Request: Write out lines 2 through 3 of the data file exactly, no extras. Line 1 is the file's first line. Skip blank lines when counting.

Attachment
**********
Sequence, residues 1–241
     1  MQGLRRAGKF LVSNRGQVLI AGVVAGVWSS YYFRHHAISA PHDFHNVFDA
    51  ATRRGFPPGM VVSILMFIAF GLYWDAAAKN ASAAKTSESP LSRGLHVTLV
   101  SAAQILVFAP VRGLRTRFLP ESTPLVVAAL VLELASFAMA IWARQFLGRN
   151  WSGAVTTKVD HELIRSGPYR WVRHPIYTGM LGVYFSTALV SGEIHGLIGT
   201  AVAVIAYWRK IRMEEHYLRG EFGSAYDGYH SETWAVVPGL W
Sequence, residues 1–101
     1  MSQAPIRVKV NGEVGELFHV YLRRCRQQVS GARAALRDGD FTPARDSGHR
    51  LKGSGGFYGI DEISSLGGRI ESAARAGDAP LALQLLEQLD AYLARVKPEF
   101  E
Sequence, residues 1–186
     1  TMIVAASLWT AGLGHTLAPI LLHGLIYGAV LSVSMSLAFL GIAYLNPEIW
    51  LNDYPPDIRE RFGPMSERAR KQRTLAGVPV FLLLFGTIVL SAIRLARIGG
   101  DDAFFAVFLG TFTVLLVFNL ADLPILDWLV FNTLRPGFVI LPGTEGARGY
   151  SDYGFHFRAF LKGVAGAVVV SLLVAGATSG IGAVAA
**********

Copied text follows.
     1  MQGLRRAGKF LVSNRGQVLI AGVVAGVWSS YYFRHHAISA PHDFHNVFDA
    51  ATRRGFPPGM VVSILMFIAF GLYWDAAAKN ASAAKTSESP LSRGLHVTLV